know that he was oppressed with great cares and anxieties, because 
he could not, by all his striving, keep within proper bounds his 
counselors, the priests and the prophets. He therefore wished to 
have God's servants as his helpers. And this is what pious 
magistrates always desire, that their toils may in some measure be 
alleviated by the aid of the ministers of the word; for when the 
ministers of the word only teach in a cold manner, and are not 
intent on reproving vices, the severity of the magistrates will be 
hated by the people. "Why, see, the ministers say nothing, and we 
hence conclude that they do not perceive so great evils; and yet the 
magistrates with the drawn sword inflict new punishments daily." 
When, therefore, teachers are thus silent, a greater odium no doubt 
is incurred by the magistrates: it is hence, as I have said, a 
desirable thing for them, that the free reproofs of teachers should 
be added to the punishments and judgments of the law. 
    We further see how calm and meek was the spirit of the king, 
that he could bear the great severity of the Prophet: Behold, he 
said, on your accounts &c.: "Thou oughtest at least to have excepted 
me." For the king was not himself guilty. Why then did he connect 
him with the rest? Because the whole body was infected with 
contagion, and he spoke generally; and the good king did not retort 
nor even murmur, but, as we have recited from Jeremiah, he humbly 
deprecated the wrath of God, as though a part of the guilt belonged 
to him. Now follows - 
Chapter IV. 
Micah 4:1,2 
But in the last days it shall come to pass, [that] the mountain of 
the house of the LORD shall be established in the top of the 
mountains, and it shall be exalted above the hills; and people shall 
flow unto it. 
And many nations shall come, and say, Come, and let us go up to the 
mountain of the LORD, and to the house of the God of Jacob; and he 
will teach us of his ways, and we will walk in his paths: for the 
law shall go forth of Zion, and the word of the LORD from Jerusalem. 
    Here Micah begins his address to the faithful, who were a 
remnant among that people; for though the infection had nearly 
extended over the whole body, there were yet a few, we know, who 
sincerely worshipped God. Hence Micah, that he might not dishearten 
God's children by extreme terror, reasonably adds what we have now 
heard, - that though for a time the temple would be demolished and 
laid waste, it would yet be only for a season, for the Lord would be 
again mindful of his covenant. When, therefore, the Prophet had 
hitherto spoken of God's dreadful vengeance, he directed his 
discourse to the whole people and to the princess; but now, 
especially, and as it were apart, addresses the pious and sincere 
servants of God; as though he said, "There is now a reason why I 
should speak to the few: I have hitherto spoken of the near judgment 
of God on the king's counselors, the priests and the prophets; in 
short, on the whole community, because they are all become wicked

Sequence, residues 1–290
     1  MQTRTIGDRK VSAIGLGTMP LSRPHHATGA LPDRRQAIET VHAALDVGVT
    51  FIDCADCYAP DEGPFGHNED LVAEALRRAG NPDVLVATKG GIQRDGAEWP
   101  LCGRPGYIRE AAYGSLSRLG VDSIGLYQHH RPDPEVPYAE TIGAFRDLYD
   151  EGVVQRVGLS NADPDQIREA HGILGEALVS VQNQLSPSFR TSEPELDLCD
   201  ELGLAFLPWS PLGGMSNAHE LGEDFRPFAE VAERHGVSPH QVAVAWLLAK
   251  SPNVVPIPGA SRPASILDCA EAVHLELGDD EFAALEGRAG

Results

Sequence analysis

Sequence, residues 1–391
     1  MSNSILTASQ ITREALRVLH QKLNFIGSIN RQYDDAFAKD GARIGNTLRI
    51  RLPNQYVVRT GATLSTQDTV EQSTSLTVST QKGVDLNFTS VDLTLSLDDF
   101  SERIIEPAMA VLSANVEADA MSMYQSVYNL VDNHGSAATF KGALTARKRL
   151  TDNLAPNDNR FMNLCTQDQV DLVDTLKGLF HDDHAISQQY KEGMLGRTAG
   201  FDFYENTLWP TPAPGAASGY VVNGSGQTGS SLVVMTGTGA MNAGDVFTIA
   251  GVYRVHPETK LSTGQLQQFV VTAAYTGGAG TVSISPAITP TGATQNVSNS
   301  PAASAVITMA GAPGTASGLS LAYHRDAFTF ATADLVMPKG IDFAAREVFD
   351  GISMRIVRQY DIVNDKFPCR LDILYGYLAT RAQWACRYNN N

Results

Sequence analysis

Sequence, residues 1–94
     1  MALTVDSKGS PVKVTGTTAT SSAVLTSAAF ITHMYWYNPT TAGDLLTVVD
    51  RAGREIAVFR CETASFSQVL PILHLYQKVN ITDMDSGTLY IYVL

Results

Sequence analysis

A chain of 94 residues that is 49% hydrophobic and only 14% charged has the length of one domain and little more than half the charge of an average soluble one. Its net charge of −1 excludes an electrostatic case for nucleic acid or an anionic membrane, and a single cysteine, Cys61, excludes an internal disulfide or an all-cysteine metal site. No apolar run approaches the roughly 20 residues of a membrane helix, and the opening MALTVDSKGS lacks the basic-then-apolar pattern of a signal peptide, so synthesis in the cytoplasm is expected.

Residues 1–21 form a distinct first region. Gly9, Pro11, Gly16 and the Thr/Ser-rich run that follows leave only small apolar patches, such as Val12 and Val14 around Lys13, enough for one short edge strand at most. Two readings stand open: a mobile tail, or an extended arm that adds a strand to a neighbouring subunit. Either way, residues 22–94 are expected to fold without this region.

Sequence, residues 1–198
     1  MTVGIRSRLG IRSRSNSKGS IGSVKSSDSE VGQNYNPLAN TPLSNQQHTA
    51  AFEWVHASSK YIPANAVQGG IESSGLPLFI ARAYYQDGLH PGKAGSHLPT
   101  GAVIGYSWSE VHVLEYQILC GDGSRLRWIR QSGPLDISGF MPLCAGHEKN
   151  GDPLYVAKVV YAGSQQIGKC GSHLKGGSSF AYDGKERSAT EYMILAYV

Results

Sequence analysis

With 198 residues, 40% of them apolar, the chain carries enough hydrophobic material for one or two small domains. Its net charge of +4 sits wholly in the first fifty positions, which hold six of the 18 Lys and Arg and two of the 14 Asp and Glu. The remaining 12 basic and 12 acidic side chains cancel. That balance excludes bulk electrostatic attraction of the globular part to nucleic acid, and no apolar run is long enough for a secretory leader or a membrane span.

and ungodly; a contempt of God and an irreclaimable obstinacy have 
pervaded the whole body. Let them therefore have what they have 
deserved. But now I address the children of God by themselves, for I 
have something to say to them." 
    For though the Prophet publicly proclaimed this promise, there 
is yet no doubt but that he had regard only to the children of God, 
for others were not capable of receiving this consolation; nay, he 
had shortly before condemned the extreme security of hypocrites, 
inasmuch as they leaned upon God; that is, relied on a false 
pretence of religion, in thinking that they were redeemed by a 
lawful price when they had offered their sacrifices. And we know 
that we meet with the same thing in the writings of the Prophets, 
and that it is a practice common among them to add consolations to 
threatening, not for the sake of the whole people, but to sustain 
the faithful in their hope, who would have despaired, had not a 
helping hand been stretched forth to them: for the faithful, we 
know, tremble, as soon as God manifests any token of wrath; for the 
more any one is touched with the fear of God, the more he dreads his 
judgment, and fears on account of his threatening. We hence see how 
necessary it is to moderate threatenings and terrors, when prophets 
and teachers have a regard to the children of God; for, as I have 
said, they are without these fearful enough. Let us then know that 
Micah has hitherto directed his discourse to the wicked despisers of 
God, who yet put on the cloak of religion; but now he turns his 
address to the true and pious worshipers of God. And he further so 
addresses the faithful of his age, that his doctrine especially 
belongs to us now; for how has it been, that the kingdom of God has 
been propagated through all parts of the earth? How has it been, 
that the truth of the gospel has come to us, and that we are made 
partakers with the ancient people of the same adoption, except that 
this prophecy has been fulfilled? Then the calling of the Gentiles, 
and consequently our salvation, is included in this prophecy. 
    But the Prophet says, "And it shall be in the extremity of 
days, that the mount of the house of Jehovah shall be set in order 
on the top of mountains". The extremity of days the Prophet no doubt 
calls the coming of Christ, for then it was that the Church of God 
was built anew; in short, since it was Christ that introduced the 
renovation of the world, his advent is rightly called a new age; and 
hence it is also said to be the extremity of days: and this mode of 
expression very frequently occurs in Scripture; and we know that the 
time of the gospel is expressly called the last days and the last 
time by John, (1 John 2: 18,) as well as by the author of the 
Epistle to the Hebrews, (Heb. 1: 2,) and also by Paul, (2 Tim. 3: 
1;) and this way of speaking they borrowed from the prophets. On 
this subject some remarks were made on the second chapter of Joel.